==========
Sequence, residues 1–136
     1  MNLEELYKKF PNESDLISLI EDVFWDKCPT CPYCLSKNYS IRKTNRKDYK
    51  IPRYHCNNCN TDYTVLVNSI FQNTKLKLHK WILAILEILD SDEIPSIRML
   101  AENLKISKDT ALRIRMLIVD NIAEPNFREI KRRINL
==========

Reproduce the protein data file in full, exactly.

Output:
Sequence, residues 1–136
     1  MNLEELYKKF PNESDLISLI EDVFWDKCPT CPYCLSKNYS IRKTNRKDYK
    51  IPRYHCNNCN TDYTVLVNSI FQNTKLKLHK WILAILEILD SDEIPSIRML
   101  AENLKISKDT ALRIRMLIVD NIAEPNFREI KRRINL